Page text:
RIP Justification

Owen DeLong owen at
Thu Sep 30 02:49:48 UTC 2010

On Sep 29, 2010, at 1:20 PM, Jesse Loggins wrote:

> A group of engineers and I were having a design discussion about routing
> protocols including RIP and static routing and the justifications of use for
> each protocol. One very interesting discussion was surrounding RIP and its
> use versus a protocol like OSPF. It seems that many Network Engineers
> consider RIP an old antiquated protocol that should be thrown in back of a
> closet "never to be seen or heard from again". Some even preferred using a

I would rather say it should be thrown under a bus, squashed, then left on
a set of very active railway tracks to be thoroughly mutilated, then discarded
never to be seen again.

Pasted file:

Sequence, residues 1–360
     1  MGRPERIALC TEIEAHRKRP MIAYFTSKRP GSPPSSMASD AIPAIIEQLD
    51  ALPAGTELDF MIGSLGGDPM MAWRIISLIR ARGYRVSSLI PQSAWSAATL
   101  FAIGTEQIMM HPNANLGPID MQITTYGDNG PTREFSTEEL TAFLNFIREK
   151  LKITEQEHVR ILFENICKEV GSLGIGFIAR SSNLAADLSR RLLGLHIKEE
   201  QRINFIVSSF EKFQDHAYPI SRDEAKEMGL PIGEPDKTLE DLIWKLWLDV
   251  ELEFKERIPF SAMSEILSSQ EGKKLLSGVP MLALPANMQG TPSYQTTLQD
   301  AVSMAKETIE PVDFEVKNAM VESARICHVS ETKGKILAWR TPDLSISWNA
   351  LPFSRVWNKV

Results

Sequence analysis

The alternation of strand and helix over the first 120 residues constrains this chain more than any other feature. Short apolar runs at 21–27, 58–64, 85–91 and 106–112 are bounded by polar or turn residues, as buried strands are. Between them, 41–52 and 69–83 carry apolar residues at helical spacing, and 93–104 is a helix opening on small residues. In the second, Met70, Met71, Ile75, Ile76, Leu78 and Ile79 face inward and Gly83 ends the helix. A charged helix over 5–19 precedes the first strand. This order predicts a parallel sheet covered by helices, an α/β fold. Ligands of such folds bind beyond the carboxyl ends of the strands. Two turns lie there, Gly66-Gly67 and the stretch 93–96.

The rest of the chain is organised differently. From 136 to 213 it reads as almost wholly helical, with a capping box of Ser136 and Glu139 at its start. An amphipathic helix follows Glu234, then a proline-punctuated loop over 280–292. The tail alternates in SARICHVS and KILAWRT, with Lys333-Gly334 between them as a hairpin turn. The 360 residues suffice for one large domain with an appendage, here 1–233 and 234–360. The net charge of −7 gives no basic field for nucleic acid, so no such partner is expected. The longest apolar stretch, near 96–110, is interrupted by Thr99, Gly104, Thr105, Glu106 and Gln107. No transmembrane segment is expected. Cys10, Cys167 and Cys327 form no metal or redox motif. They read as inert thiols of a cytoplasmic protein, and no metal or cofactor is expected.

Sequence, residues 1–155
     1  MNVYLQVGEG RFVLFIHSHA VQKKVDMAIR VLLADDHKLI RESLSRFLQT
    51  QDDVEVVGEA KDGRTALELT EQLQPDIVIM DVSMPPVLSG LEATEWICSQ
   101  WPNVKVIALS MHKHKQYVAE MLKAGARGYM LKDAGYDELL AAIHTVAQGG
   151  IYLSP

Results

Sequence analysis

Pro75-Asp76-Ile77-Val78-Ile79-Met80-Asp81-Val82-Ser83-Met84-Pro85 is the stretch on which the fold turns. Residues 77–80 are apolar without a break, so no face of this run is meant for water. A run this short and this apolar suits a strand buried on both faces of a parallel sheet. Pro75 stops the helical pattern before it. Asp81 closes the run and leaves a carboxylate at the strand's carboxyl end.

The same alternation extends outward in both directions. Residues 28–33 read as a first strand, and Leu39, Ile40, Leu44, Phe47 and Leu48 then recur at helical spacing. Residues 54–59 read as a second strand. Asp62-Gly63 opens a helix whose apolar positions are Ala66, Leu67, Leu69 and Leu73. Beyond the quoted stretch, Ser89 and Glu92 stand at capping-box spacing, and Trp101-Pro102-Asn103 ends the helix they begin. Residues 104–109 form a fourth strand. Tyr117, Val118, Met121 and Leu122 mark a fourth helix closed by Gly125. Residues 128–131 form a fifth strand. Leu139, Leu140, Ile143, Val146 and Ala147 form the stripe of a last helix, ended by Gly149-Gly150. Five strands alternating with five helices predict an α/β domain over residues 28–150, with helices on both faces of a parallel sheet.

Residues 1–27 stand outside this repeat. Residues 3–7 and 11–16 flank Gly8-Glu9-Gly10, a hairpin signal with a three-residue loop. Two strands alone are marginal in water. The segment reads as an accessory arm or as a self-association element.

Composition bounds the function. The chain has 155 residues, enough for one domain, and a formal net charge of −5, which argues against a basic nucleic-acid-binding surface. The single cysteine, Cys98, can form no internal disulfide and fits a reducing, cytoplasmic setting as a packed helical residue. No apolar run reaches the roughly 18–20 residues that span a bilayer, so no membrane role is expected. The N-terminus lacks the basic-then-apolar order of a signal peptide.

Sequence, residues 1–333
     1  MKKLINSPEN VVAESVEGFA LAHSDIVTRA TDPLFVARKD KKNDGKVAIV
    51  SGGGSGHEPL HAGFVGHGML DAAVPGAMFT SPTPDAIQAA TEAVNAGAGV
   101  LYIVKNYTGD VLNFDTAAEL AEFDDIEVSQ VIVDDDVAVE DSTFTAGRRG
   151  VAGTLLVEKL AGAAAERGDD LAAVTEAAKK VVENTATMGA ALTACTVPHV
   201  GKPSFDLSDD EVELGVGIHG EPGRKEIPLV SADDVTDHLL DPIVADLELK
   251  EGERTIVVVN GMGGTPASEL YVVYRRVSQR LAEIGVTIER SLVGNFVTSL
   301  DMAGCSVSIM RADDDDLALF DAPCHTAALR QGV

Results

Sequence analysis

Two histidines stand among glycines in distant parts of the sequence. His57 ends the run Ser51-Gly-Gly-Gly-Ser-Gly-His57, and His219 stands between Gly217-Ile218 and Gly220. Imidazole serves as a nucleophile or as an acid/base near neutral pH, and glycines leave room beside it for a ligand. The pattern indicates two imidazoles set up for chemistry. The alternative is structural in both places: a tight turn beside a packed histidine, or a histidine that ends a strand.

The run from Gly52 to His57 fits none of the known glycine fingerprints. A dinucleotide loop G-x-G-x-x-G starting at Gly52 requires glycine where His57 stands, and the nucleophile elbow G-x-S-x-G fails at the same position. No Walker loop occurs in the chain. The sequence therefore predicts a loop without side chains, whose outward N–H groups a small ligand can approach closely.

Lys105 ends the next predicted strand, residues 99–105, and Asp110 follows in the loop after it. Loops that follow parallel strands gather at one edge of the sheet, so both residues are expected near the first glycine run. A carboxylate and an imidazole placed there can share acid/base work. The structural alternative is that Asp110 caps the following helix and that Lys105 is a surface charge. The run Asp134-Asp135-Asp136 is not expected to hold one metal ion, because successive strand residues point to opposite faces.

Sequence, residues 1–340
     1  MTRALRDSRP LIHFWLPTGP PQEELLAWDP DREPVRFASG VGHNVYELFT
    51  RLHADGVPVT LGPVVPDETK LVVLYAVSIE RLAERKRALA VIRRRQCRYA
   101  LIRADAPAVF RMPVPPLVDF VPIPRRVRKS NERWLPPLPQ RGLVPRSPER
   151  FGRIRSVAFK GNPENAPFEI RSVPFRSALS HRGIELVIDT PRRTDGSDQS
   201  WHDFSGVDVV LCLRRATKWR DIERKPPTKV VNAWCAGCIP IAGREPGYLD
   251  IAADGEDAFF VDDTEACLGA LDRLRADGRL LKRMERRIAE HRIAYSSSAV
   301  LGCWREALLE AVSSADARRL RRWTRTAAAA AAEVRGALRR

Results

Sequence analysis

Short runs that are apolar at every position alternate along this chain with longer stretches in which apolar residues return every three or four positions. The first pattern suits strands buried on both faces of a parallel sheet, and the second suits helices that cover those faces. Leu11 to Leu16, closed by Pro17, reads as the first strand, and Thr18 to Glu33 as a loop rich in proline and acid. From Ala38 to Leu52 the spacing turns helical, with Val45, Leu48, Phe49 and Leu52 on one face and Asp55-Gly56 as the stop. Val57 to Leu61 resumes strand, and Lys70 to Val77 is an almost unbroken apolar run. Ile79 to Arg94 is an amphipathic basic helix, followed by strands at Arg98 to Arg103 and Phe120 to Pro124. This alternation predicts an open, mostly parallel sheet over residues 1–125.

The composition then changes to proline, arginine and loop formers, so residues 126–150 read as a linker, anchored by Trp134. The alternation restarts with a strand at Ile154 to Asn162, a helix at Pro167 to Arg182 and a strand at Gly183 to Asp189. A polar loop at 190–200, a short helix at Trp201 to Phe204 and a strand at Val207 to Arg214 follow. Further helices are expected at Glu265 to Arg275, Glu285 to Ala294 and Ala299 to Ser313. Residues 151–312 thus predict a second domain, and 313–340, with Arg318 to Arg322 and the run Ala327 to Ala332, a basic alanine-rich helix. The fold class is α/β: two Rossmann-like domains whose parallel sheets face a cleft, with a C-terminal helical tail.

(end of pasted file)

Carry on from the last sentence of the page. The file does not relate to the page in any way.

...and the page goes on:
> more complex protocol like OSPF instead of RIP. I am of the opinion that
> every protocol has its place, which seems to be contrary to some engineers
> way of thinking. This leads to my question. What are your views of when and

Here's my thinking... If your network is not complex enough to require a dynamic
routing protocol, then, you don't need RIP. If it is, then, you have scaled beyond
the point where RIP is more useful than harmful.

Yes, OSPF is a more complex protocol. It is also quite a bit more robust and
far less susceptible to bizarre looping behaviors when it misbehaves or
encounters lost state packets. It has a much shorter fall-over time for dead
links and provides a much more accurate and up to date picture of the
state of the network. It's a more complex world now than when RIP was


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